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Combined HIV Prevention Options Vital in Reducing New HIV Infections

Combined HIV Prevention Options Vital in Reducing New HIV Infections

The Civil Society Advocacy Forum on HIV/Aids says combining HIV prevention measures can assist Malawi to curb new HIV infections that are currently hanging at around 15, 000 cases annually.

The forum’s Vice Chairperson Ulanda Mtamba says citizens should be made aware that it is possible to combine HIV prevention services, citing circumcision, condoms and injectable Pre-exposure prophylaxis (PrEP) among others.

She was speaking during an HIV prevention media science café in Blantyre with the theme 'the power of injectable PrEP in reducing new HIV infections and lowering drug resistance in populations.'

“It is very important to combine the preventive measures since one option or one choice cannot fully protect you. Combined prevention really supports individuals to make sure that they are fully protected from HIV and, as advocates, we do emphasize that there are choices, yes, but other choices are supposed to be combined as people are trying to protect themselves from HIV,” said Mtamba.

Mtamba is of the view that the implementation of PrEP in Blantyre and Lilongwe will provide broader options to Malawians especially adolescent girls and young women and the key populations to avoid contracting the virus.

“As we all know that Malawi approved the injectable PrEP; we are in the phase of the implementation science, and we know that once we get the result of the HIV prevention option being implemented in real life. We should be able to scale up to the whole country,” she explained.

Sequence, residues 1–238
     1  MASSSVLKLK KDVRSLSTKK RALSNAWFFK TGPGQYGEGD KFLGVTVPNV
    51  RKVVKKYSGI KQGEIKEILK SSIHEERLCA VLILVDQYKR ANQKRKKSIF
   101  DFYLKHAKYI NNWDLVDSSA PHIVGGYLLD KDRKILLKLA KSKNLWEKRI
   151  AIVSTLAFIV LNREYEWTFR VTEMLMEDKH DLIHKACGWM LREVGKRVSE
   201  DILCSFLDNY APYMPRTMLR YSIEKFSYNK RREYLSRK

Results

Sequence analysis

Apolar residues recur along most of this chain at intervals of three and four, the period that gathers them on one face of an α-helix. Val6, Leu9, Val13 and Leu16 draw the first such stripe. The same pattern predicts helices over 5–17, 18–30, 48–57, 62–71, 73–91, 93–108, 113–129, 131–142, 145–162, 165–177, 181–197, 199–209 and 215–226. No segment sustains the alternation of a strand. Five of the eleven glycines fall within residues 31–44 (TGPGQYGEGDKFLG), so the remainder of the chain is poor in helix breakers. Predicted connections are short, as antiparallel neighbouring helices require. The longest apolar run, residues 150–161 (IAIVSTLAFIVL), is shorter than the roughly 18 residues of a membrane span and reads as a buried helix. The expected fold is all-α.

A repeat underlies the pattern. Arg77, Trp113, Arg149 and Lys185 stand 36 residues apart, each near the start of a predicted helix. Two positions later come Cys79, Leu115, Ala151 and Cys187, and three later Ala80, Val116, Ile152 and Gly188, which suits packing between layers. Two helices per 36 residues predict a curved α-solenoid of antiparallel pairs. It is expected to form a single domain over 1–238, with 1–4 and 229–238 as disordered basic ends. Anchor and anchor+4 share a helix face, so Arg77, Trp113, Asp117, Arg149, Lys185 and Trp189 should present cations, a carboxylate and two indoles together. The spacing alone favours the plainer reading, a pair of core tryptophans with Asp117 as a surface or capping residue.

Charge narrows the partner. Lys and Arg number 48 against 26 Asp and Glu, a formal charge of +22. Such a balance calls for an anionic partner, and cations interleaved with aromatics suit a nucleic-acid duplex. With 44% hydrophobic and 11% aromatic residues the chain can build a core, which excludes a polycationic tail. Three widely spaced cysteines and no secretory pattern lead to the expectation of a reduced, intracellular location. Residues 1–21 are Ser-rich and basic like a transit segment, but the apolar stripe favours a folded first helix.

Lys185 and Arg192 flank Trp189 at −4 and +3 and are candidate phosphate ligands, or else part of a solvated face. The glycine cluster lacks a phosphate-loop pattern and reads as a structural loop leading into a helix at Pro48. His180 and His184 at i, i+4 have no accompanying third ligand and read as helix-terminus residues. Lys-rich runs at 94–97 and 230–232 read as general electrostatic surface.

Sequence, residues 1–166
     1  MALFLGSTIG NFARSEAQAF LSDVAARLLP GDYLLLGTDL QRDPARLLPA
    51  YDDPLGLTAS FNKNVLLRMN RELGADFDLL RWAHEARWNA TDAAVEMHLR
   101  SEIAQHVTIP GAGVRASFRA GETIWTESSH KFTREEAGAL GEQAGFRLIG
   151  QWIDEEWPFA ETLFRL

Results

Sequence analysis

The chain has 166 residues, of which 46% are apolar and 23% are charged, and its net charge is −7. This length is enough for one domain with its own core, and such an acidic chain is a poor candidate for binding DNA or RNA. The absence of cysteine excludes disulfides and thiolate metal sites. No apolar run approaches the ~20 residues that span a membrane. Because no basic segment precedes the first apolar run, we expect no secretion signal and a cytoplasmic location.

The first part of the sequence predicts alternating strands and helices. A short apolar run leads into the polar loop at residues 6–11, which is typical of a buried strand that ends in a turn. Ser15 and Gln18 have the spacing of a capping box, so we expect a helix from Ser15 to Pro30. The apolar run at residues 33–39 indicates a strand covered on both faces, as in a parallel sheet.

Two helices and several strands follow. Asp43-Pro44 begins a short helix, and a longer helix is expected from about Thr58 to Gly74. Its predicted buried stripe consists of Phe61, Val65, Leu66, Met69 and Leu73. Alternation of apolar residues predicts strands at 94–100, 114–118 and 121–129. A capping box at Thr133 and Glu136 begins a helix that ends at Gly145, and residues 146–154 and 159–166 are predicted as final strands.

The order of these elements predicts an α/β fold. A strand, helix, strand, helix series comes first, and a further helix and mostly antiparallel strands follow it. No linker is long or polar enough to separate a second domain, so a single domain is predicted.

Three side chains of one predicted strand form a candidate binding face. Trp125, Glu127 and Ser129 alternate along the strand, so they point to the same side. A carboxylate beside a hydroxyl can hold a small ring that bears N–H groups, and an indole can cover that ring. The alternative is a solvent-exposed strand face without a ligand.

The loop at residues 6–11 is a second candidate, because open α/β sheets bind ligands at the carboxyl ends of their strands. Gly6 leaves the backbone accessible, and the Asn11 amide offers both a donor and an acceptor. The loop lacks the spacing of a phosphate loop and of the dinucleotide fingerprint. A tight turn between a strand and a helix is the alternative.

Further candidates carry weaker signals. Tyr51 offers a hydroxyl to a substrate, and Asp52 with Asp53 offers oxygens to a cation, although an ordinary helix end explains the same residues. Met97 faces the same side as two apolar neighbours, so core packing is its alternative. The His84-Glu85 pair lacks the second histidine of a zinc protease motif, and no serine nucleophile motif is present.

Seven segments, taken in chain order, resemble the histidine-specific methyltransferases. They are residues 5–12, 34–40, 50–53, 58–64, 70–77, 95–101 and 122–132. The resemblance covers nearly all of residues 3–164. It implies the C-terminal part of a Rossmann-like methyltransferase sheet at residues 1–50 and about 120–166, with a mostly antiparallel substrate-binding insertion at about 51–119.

She, however, expressed worry over the current status where 95 percent of investment on HIV comes from external donors.

Mtamba thinks Malawi needs to make serious domestic investment so that in case donors stop the funding, people should still access various services.

“We are really concerned with the current situation that almost 95 percent of the investment that goes into health is coming from external partners who are donors and there isn’t much that is generated and set aside by the country.

“So, we are really worried because we need serious domestic investment to support our health programs including HIV,” Mtamba said.

On his part, Journalists Association Against Aids (JOURNAIDS) program manager Dingani Mithi said journalists have a major role to play to ensure that citizens are well-informed on HIV/Aids issues, especially on the injectable PrEP.

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Last modified on Wednesday, 24/04/2024

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